For New York City-based graphic designer Laura Coombs, the path to her, now, chosen career was extremely winding and full of chance encounters. Like many, however, her interest in the world of design was clear from an early age. “I can see now that I was always interested in design – I edited and designed a newspaper as a kid, endearingly called the Laura Report,” she recalls fondly.
Now, having graduated Yale’s MFA Graphic Design course a year ago (largely in thanks to the support of her tutor and mentor Sheila Levrant de Bretteville), Laura is the lead designer at the New Museum, a visiting professor at Pratt Institute, while also freelancing on publications for artists and architects.
These varying roles have helped Laura develop an approach to her design practice which is almost chameleon-like. While at the museum, she works with curators, editors and various other departments on a range of materials and outputs, all produced in an extremely tight turnaround. Laura’s teaching work, however, allows her to “empower students to develop their own methodology that is full of self-expression and critical thinking”. This time spent taking a step back from her own work, to engage with design from a different perspective, clearly feeds into her commercial work, which is typographically focused and conceptually-minded. “Discussing design work in a critique setting is immensely fun and challenging because you have to understand what the person is about, say something meaningful, and empower them with constructive feedback in a condensed few minutes,” she explains.
With an idea-driven execution, Laura has a proclivity for “singular structures that play themselves out over the course of an entire book”. Take her project Sentimental Time Item, for example, produced while at Yale. An anthology of texts about time within the context of a set of lectures by R John Williams, the publication is divided into three sections: past, present and future, which run parallel as three columns: white, grey and black. “The reader must choose how to read the book – one column at a time, all three simultaneously, or in a random, choose-your-own-adventure pattern,” Laura outlines.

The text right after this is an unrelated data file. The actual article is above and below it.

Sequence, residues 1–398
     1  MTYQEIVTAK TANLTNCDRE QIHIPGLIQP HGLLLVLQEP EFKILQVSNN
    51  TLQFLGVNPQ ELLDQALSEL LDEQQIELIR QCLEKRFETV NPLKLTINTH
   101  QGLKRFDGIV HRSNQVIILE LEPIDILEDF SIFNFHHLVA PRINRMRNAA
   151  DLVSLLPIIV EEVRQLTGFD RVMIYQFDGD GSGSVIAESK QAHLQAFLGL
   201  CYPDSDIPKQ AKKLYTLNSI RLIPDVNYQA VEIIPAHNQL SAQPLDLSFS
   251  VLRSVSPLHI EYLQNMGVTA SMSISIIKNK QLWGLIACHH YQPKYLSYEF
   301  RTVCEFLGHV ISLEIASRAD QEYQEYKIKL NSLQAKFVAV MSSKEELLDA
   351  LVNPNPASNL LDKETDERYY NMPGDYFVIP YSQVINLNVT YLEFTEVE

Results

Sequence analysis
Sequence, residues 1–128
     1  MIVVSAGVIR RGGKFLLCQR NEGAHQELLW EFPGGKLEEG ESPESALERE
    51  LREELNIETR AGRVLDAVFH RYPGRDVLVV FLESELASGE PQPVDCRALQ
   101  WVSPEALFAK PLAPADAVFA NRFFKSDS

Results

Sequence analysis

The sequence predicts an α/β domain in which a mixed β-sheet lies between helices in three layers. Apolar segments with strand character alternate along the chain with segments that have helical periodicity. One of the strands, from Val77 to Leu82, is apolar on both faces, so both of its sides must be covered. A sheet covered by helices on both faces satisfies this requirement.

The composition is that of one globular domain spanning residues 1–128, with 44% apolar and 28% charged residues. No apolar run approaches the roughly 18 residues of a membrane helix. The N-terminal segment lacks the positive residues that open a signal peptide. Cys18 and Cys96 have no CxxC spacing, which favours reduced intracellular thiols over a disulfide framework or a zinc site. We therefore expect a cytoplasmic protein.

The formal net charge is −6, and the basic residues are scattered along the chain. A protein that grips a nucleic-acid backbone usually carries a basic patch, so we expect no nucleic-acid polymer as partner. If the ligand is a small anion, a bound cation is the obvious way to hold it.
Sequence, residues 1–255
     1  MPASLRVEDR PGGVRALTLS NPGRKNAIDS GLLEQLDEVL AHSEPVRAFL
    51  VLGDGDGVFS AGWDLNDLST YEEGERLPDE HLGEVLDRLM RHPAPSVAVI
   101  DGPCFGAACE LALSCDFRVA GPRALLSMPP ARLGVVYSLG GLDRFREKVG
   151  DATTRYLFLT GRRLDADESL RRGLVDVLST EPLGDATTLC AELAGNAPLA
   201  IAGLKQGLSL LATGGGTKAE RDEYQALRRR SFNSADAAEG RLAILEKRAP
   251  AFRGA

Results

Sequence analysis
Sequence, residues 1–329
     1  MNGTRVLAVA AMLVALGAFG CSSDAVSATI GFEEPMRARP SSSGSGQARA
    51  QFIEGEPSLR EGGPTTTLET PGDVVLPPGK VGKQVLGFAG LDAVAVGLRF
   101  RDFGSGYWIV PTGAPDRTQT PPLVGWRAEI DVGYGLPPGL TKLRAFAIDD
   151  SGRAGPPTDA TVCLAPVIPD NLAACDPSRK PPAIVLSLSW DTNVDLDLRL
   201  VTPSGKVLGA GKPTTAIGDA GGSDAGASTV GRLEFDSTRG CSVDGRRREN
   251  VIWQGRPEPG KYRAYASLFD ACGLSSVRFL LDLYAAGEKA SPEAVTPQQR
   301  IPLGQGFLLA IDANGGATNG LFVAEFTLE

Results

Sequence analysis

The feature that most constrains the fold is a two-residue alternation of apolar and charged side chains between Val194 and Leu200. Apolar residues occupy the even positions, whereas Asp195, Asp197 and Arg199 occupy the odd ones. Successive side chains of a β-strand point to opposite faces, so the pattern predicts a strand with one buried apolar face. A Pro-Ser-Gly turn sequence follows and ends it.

Not content with this already conceptually sound design, Laura implemented a series of subtle references to increments time which inform the actual structure of the publication. With 365 pages, the book features 24 texts, 60 pages of lecture notes and 30 pages of diagrams. “I also added a ‘now’ glyph to each typeface used,” she explains, “n-o-w surrounded by an oval shape replaces the word ‘now’ anywhere it appears, reminding the reader to be ‘in the now.’”
Despite such accomplished work, it wasn’t until attending Cornell University’s Architecture summer programme, that Laura considered how design could allow her to transform intellectual ideas into form, space and material. “I went to a boarding high school called the Oklahoma School of Science and Mathematics which did not have any art or design classes. The summer I turned 16, I opened an invitation in the mail –addressed to my brother – for Cornell’s summer programme, and I decided to go out of curiosity and boredom,” she explains, “That experience changed my life.”
After a five-year undergraduate degree in architecture and then three years working in a fabrication shop in Brooklyn, Laura was introduced to Yale’s MFA Graphic Design course through a friend who was heading there to study sculpture. “I looked at the graphic design programme – a design field I had never considered – and the discipline seemed to have everything I loved without the massive scale of architecture or the ultra-extreme labor of fabrication: technology, materials, systems, humour, theory, and a new discipline – typography,” she explains of a choice which has now informed a portfolio packed full of meticulously constructed, considered projects.
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